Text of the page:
Title Deeds and the Financial Crisis
The British parliament raised the issue with the Cypriot authorities’ inability to protect the property rights of UK citizens who had invested in Cyprus properties back in 2007. To their astonishment, these buyers found out that they would get no title deed even though they bought the property through a law office (something that in their country implies that you automatically get a title deed).
In 2007 Cyprus, no-one involved in the rapidly developing and already large property sector (banks, developers, chartered surveyors, land registry, town planning and
municipal authorities, lawyers, accountants, politicians etc.) was alarmed, despite the developing dangers for an economy trying to sell properties. In my opinion, ultimate responsibility for failing to tackle this problem must lie with the government agencies that have the primary responsibility of protecting property rights.
One basic principle for an economy to function well is the protection of a citizen’s property rights. In this case, the property right is protected with the issue of a title deed. My fundamental position is that no immovable property should change hands without a title deed. With this tough measure in place (which would have forced authorities to ditch bureaucratic procedures because of the large economic cost from failing to do so), subsequent systemic problems would have been largely avoided.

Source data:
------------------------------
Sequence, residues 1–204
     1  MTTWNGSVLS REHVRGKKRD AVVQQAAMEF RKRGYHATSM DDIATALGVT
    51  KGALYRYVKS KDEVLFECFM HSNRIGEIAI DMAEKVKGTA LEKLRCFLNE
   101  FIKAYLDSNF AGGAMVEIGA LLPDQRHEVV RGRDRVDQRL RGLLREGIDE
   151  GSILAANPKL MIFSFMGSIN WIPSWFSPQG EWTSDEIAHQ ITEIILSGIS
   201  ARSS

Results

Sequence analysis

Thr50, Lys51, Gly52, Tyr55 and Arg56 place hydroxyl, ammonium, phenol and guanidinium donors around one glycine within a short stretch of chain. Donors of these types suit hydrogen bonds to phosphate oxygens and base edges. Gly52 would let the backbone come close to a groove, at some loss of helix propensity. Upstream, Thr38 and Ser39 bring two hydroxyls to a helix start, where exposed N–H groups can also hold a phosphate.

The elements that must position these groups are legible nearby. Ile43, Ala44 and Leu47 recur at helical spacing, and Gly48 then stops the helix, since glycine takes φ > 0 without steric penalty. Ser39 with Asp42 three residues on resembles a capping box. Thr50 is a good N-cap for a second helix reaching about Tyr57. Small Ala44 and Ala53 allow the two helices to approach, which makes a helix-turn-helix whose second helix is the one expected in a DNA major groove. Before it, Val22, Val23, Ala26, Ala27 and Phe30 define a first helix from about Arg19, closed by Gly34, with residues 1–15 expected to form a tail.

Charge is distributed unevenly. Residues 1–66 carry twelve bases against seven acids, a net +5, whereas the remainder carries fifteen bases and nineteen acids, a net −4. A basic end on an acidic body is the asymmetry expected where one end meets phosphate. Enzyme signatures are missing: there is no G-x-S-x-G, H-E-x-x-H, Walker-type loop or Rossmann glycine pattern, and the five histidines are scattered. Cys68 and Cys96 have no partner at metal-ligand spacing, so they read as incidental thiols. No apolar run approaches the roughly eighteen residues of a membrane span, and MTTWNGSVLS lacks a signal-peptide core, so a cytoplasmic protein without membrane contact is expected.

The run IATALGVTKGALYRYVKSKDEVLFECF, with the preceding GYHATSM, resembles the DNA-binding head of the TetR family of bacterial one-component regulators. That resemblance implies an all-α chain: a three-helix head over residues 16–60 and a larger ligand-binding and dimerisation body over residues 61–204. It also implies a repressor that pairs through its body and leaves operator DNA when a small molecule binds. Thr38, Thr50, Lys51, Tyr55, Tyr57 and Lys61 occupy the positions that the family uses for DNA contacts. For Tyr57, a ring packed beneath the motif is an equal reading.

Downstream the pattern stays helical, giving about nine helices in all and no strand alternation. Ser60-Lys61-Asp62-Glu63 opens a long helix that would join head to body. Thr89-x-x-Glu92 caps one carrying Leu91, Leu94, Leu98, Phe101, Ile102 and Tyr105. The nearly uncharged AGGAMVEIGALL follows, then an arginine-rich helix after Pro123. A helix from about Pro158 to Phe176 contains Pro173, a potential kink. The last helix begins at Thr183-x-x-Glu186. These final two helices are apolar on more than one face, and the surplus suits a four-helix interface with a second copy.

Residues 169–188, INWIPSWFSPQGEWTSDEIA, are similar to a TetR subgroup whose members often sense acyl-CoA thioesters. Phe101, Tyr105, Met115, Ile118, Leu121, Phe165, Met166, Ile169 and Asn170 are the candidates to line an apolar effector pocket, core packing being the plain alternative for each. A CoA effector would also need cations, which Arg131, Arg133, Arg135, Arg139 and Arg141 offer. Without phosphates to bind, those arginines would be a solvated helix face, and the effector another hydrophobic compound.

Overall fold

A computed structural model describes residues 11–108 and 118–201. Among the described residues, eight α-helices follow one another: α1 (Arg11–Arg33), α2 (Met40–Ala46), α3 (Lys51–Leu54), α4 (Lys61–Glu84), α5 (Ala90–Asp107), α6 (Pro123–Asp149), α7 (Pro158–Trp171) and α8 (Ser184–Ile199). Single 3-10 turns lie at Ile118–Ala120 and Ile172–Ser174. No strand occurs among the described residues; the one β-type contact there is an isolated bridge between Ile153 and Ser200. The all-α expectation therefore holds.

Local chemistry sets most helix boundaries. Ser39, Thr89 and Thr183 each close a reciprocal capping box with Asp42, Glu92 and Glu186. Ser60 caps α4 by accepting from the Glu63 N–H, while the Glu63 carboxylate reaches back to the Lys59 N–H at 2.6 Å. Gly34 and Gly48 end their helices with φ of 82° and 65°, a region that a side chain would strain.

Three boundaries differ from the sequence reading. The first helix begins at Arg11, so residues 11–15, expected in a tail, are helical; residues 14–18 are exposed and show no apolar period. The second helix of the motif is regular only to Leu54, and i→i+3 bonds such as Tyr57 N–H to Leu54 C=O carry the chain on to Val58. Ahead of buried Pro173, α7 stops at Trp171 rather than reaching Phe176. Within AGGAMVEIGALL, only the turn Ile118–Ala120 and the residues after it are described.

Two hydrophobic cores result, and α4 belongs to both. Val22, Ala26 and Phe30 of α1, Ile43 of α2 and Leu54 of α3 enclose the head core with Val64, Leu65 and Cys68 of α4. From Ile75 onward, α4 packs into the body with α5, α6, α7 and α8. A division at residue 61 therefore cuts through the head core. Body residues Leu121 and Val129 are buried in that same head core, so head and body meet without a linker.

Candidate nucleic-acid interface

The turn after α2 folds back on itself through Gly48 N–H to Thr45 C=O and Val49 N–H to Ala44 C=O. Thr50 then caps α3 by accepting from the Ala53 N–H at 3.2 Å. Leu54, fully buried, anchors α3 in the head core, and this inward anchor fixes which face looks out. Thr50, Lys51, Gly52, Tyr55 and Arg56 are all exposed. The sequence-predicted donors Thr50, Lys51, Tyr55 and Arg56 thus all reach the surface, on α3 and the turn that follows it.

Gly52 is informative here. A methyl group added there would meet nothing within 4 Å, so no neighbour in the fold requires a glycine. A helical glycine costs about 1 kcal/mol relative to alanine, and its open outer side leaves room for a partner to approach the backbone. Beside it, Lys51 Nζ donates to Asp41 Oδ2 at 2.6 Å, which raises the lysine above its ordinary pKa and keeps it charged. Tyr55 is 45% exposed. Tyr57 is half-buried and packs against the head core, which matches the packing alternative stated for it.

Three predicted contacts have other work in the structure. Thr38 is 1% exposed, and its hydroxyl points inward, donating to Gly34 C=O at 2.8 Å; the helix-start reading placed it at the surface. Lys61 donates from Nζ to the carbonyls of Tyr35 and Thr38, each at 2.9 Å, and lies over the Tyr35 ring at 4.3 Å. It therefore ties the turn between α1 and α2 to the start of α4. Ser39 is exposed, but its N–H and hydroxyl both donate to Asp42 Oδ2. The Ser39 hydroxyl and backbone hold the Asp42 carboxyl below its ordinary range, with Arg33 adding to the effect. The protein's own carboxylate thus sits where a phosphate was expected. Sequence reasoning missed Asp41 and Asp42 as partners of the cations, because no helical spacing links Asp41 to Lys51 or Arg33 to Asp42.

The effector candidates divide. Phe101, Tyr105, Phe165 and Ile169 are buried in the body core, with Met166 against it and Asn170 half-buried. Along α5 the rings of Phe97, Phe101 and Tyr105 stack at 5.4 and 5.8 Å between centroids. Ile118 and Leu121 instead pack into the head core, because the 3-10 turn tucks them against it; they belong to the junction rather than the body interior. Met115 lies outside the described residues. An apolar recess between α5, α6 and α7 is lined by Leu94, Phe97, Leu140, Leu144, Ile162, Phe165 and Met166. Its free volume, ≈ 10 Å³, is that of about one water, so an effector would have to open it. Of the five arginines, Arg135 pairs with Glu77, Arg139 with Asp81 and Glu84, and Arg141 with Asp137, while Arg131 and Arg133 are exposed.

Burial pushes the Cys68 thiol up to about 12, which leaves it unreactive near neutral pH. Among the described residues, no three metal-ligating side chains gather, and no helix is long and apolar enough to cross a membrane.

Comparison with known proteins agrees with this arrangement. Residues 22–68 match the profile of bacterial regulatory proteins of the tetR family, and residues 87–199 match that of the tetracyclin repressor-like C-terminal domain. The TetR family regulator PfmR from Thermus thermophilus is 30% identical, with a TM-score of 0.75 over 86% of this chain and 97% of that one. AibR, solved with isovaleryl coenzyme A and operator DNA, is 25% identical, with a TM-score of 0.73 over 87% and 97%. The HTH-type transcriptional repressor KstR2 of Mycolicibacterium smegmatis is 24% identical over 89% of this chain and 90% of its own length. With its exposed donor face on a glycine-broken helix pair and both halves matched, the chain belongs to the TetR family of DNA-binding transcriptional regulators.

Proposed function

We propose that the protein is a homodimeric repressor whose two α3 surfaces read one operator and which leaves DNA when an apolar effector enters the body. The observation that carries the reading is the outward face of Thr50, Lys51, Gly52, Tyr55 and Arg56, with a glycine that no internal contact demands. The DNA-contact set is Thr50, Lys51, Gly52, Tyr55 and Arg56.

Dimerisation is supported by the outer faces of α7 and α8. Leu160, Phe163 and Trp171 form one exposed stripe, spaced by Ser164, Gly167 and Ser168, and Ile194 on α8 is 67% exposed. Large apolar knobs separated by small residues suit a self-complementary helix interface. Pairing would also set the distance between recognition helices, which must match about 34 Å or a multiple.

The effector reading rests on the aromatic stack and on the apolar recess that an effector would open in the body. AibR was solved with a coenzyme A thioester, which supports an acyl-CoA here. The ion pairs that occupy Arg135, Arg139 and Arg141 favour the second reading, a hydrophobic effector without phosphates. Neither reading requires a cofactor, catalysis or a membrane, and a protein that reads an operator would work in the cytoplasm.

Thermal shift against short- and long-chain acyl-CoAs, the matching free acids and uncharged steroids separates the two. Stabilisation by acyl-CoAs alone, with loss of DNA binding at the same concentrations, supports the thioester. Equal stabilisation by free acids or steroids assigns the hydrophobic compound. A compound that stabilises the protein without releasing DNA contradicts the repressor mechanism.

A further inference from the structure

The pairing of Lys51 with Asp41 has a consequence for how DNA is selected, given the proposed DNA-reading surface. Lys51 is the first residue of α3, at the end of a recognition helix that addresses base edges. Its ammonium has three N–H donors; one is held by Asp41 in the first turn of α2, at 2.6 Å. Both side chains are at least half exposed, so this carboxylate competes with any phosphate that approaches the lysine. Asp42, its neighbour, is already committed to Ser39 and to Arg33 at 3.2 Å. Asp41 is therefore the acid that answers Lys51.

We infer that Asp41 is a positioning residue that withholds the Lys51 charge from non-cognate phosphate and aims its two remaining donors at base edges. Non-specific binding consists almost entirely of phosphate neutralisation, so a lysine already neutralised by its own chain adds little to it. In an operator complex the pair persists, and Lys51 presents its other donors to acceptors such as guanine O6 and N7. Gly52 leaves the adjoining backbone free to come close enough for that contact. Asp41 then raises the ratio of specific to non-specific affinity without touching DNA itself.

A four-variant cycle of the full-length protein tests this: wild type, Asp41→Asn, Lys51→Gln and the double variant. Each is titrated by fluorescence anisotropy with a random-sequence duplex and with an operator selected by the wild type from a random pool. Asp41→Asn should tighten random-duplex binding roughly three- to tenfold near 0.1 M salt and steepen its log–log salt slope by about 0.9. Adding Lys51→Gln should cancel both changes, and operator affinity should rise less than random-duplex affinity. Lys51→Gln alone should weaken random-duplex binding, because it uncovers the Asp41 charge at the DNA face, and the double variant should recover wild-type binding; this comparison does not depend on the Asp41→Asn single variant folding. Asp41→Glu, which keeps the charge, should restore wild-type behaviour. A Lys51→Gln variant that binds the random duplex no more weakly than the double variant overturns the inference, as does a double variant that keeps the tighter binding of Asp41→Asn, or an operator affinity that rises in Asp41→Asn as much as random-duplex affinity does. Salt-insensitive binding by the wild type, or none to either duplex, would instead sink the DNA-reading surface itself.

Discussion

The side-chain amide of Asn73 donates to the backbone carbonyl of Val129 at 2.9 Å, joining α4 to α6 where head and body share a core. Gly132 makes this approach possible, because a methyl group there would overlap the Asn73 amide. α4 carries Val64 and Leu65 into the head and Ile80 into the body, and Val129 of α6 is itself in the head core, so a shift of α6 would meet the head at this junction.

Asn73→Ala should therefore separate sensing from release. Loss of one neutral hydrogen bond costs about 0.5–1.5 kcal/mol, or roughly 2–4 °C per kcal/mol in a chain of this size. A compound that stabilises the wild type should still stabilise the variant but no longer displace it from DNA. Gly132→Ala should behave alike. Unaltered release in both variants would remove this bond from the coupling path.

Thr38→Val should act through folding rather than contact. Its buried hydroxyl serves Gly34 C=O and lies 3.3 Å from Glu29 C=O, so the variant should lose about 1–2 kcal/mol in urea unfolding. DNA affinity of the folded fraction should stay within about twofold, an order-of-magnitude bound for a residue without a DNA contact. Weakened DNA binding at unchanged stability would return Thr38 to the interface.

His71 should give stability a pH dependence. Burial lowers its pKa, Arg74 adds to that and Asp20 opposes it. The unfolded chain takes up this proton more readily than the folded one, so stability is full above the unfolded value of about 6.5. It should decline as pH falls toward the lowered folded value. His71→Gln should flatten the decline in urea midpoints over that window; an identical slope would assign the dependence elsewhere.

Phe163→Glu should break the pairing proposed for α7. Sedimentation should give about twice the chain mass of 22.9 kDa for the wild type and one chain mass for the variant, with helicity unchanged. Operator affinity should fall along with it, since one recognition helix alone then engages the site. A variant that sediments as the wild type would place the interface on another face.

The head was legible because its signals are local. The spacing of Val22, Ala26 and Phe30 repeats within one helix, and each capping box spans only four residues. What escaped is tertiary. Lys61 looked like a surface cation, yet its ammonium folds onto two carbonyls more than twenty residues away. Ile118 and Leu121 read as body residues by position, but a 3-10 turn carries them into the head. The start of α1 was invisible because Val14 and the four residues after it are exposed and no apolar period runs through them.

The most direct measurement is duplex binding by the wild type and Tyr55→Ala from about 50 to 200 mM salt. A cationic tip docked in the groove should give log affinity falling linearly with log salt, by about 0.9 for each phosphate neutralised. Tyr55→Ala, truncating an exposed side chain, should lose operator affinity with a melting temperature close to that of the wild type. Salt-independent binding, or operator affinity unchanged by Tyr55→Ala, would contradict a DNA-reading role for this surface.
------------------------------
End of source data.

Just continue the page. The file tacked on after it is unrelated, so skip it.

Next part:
First, in the absence of title deeds, reselling a property is difficult, therefore increasing the possibility for an unrestrained increase of immovable property prices. When reselling becomes very difficult, the property market is not allowed to function properly. Not only do prices rise too fast in the good times but in the bad times dangers rise disproportionately due to property illiquidity in a leveraged economy. Second, in the absence of a central credit register, it is more likely for credit from the banking sector to increase very fastin the good times without the central bank having the necessary tools to control credit expansion. Third, the state loses substantial revenue from transfer fees and subsequent property taxes.
The solution to this Gordian Knot is simple, and a state respecting its citizens would not have waited for the imposition of a solution by the Troika. No property transaction without a title deed should be legal and there should be a central credit registry. The financial crisis would have been much more manageable were these simple instructions from the Troika put in place back in 2007.
Inability to quickly apply similar changes to the “business as usual”model will bring the next economic crisis to Cyprus sooner than many people think.
Alexandros Michaelides is a professor of finance at Imperial College Business School.